JSPA and Annual Convention 2012

July 3, 2012

THE JAPAN SOCIETY FOR PUBLIC ADMINISTRATION

Introducing JSPA
 The Japan Society for Public Administration is the country’s leading organization in the field. It is made up of academics, practitioners and graduate students, in addition to a multitude of organizational members. The society hosts an annual conference in either Tokyo or Kansai area each year on an alternating basis. For the 2012 meeting, Keio University served as the venue. In the general assembly convened during the meeting, Professor Ken’ichiro AGATA of Waseda University was elected president. His term of office is two years. Both the secretary general and the secretariat have a staggered term and remain in office until the end of September, 2012. Currently, Prof. Satoru OHSUGI is responsible for all functions.

Annual Conference for 2012
 This year’s meeting was held from May 19 -20 at Keio University’s Tokyo Mita campus. The gathering was co-hosted by the Committee of Public Administration and Local Government in the Science Society of Japan. It began with a keynote session. The overall theme was ‘rehabilitation, restoration and reconstruction of the regions victimized in the Great East Japan Earthquake (hereafter: GEJE).’ Professor Kengo AKIZUKI of Kyoto University chaired the session. The presenters included: Akira MORITA (of Gakushuin University and the former president of JSPA), Yoshiteru MUROSAKI (of Kwansei Gakuin University), Masakatsu OKAMOTO (Director-General of the Reconstruction Agency for the GEJE) and Jun IIO (Graduate Research Institute of Policy Studies).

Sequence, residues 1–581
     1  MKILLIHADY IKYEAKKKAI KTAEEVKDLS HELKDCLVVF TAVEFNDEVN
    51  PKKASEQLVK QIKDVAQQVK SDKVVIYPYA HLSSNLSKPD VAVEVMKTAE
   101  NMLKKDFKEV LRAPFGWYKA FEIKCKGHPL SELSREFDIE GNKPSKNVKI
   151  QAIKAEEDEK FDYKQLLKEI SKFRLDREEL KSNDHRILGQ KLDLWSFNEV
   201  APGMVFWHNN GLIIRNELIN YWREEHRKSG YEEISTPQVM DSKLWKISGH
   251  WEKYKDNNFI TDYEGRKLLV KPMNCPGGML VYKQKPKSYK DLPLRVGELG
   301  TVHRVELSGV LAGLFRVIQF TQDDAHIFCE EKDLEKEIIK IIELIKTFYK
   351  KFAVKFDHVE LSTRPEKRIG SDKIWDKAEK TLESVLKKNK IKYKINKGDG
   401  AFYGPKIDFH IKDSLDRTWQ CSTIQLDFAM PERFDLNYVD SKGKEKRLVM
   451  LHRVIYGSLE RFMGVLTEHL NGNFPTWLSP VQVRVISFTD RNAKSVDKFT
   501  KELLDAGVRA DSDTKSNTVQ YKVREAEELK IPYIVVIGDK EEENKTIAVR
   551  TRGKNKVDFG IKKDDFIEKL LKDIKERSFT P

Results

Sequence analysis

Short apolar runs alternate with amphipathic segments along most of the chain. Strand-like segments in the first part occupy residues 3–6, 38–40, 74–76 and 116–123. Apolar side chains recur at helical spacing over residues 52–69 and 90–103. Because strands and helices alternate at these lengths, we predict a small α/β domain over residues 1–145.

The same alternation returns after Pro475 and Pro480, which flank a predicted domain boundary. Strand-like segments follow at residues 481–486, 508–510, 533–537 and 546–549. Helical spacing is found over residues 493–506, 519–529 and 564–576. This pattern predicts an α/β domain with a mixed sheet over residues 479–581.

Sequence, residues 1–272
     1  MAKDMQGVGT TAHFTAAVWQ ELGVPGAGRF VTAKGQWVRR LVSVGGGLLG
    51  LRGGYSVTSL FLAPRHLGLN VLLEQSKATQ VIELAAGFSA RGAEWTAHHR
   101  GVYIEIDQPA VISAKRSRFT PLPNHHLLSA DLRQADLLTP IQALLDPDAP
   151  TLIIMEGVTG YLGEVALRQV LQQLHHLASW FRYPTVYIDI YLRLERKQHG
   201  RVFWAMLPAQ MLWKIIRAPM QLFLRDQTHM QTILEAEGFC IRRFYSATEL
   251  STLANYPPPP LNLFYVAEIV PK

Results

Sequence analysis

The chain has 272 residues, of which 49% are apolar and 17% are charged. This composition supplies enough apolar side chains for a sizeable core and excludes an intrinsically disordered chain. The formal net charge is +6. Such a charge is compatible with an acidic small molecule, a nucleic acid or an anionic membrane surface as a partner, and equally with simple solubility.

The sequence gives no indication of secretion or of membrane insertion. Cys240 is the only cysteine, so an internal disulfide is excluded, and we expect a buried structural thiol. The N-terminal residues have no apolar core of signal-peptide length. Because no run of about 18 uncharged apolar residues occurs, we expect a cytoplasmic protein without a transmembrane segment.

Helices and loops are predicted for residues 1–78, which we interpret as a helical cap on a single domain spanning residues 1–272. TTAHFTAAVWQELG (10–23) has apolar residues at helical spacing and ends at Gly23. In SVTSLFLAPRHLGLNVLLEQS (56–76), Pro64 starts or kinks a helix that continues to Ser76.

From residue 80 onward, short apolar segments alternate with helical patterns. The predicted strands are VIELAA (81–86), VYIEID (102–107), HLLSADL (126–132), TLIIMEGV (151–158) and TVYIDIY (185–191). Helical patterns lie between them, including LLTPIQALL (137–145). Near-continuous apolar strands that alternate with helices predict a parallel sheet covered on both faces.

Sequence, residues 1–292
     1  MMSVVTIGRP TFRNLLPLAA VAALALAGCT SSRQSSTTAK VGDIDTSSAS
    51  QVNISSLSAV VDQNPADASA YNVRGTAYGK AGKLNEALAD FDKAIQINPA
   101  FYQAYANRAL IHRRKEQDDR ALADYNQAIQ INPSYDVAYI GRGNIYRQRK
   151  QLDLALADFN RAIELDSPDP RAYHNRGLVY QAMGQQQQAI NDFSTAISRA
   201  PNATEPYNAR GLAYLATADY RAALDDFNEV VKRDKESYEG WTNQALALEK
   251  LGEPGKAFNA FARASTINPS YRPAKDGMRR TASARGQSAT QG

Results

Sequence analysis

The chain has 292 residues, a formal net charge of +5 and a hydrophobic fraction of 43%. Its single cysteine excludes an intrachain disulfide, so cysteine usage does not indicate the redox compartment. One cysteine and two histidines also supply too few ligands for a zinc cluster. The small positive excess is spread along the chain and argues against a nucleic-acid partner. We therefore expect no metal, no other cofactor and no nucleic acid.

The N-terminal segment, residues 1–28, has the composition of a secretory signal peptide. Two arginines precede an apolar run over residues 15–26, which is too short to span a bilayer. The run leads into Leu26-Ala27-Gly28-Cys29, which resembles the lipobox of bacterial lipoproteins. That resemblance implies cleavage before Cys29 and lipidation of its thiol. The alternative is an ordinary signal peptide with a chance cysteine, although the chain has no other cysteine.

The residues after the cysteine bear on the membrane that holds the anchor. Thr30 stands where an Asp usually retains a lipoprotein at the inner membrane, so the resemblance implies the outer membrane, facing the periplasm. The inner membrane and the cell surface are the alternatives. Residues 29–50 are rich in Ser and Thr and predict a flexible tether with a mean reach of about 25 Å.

Synopsis of the Keynote Session
 The following is a brief recapitulation of the presentations and discussions in the keynote session. At the outset, the moderator of the session explained the objective of the plenary. He noted that it would essentially deal with GEJE from the view of public administration. Subsequently, the first speaker, Prof. Morita took the floor and elaborated on the activities of the JSPA Task Force organized in the aftermath of the calamity. According to his remarks, the task force was formed in response to a request from the Science Council of Japan. A major thrust of Prof. Morita’s presentation was to elucidate both activities and impact of this task force. The speaker described that the organization had been earnest in examining such vital issues as the rehabilitation and recovery of the disaster stricken areas. Prof. Morita divided his presentation into three parts. First, he discussed the common proclivity to underestimate the extent of potential disaster. Specifically, he questioned the validity of the popular utterance, ‘beyond anyone’s expectation,’ which appeared frequently following the triple disaster. In his view, this expression looked to be an excuse for the government and the electricity supplier to cover their lack of preparedness. Likewise, he touched on the fallacy of the ‘fail safe’ notion. While ruling this out, Prof. Morita stressed the importance of disaster mitigation. In his view, an effort to increase disaster mitigation would become essential. He held that it would substantially help improve the existing measures against potential hazards. Finally, he commended the tremendous contributions that the Self-Defense Force, the police corps and the fire brigades made to the relief efforts since the disasters. Nonetheless, the government responsiveness in the rehabilitation of victims was, more often than not, inflexible. He argued that there remains much to be desired in this policy dimension of government.